The report on Ekberg’s bankruptcies was first published in the Carroll County News on Aug. 9, 2019. Ekberg’s first day at work in Eureka Springs was Thursday, Aug. 15, 2019. Four days later, on Aug. 19, Ekberg canceled all of the CAPC’s advertising with Carroll County Newspapers.
In her Facebook comments, Ekberg wrote: “I was offered a suggestion of how to rectify this situation. I guess I can buy advertising with a local newspaper and the trash stories might stop. Great sales pitch.”
Ekberg was asked via email Tuesday if she could elaborate on who offered such a suggestion or provide documentation of it. She responded Wednesday morning, referring “all further correspondence with the CAPC,” to chairwoman Carol Wright, who has not responded to multiple requests for comment regarding Ekberg.
CAPC commissioner James DeVito, a former Eureka Springs alderman who has declined to comment to a reporter about Ekberg, suggested on Facebook that the reporting on Ekberg’s background was connected to her decision to withdraw advertising from Carroll County Newspapers publications.
“Lacey came in and cut out ads in the Citizen and did away with the Chamber publication response piece,” DeVito wrote in a Facebook comment responding to another person’s post. “Like the State who is now placing the Fun Guide in all the (tourist information centers) across the state, she is using the Independent’s Fun Guide as the CAPC response piece. Their (sic) is a reason why a number of forces behind the scenes are pushing the Citizen to dig up something. Hardly a headline article but then again it’s the Citizen.”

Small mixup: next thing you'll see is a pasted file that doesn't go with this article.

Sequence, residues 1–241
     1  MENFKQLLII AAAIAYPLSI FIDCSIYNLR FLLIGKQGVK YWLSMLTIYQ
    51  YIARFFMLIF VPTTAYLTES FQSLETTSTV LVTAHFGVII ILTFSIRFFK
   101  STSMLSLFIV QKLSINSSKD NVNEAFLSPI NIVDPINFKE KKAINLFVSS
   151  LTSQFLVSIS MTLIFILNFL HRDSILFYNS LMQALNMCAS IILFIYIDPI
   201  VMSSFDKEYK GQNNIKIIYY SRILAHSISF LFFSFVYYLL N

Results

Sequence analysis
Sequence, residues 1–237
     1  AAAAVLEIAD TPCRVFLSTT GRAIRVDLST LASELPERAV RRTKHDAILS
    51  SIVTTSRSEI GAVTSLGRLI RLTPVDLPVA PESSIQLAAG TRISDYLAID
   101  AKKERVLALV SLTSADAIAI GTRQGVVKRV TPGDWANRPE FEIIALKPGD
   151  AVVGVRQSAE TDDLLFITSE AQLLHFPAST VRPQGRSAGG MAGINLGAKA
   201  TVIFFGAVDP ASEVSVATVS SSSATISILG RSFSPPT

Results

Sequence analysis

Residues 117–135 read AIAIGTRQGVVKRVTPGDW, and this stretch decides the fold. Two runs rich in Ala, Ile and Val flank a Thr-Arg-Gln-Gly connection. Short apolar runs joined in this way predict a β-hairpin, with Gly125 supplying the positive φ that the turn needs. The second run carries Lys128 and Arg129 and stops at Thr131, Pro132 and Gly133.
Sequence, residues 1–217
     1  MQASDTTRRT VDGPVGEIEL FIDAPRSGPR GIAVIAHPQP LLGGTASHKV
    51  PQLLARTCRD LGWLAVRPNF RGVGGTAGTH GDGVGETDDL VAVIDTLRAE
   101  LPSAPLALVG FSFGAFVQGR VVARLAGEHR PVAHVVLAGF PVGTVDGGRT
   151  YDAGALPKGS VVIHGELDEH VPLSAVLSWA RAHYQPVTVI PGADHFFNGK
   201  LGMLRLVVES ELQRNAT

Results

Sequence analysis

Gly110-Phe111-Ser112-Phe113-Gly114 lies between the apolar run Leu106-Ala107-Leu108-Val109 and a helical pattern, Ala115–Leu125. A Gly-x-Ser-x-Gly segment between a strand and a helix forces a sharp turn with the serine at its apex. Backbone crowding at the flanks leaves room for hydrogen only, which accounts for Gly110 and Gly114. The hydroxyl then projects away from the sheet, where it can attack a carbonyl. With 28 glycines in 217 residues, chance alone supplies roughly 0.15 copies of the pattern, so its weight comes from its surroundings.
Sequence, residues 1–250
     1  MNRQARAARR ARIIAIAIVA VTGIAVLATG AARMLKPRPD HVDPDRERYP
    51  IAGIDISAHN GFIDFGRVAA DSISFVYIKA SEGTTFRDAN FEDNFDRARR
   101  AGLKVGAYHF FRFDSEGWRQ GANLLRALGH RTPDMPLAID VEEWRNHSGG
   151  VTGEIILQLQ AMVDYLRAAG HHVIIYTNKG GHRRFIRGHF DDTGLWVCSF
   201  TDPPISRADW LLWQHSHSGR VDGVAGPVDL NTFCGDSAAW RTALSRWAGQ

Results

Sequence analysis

In her Facebook comments, Ekberg expressed a belief that her position with the CAPC might be in jeopardy.
“I might lose my job over this interview and response, and I will be sad,” Ekberg wrote. “But life happens and you should be happy and stop judging with no ‘why’. We are only human.”
The CAPC’s regular monthly meeting was scheduled for 6 p.m. Wednesday, Jan. 22, at the Auditorium. The agenda indicates there will be an executive session.
The Arkansas Freedom of Information Act outlines specific guidelines for public bodies meeting in executive session.
“(E)xecutive sessions will be permitted only for the purpose of considering employment, appointment, promotion, demotion, disciplining, or resignation of any public officer or employee,” the act says, with the only exception being for matters related to the security of a public water system or utility system. “The specific purpose of the executive session shall be announced in public before going into executive session.”
Decisions reached in executive session must be ratified by vote in public.
“No resolution, ordinance, rule, contract, regulation, or motion considered or arrived at in executive session will be legal unless, following the executive session, the public body reconvenes in public session and presents and votes on the resolution, ordinance, rule, contract, regulation, or motion,” the act says.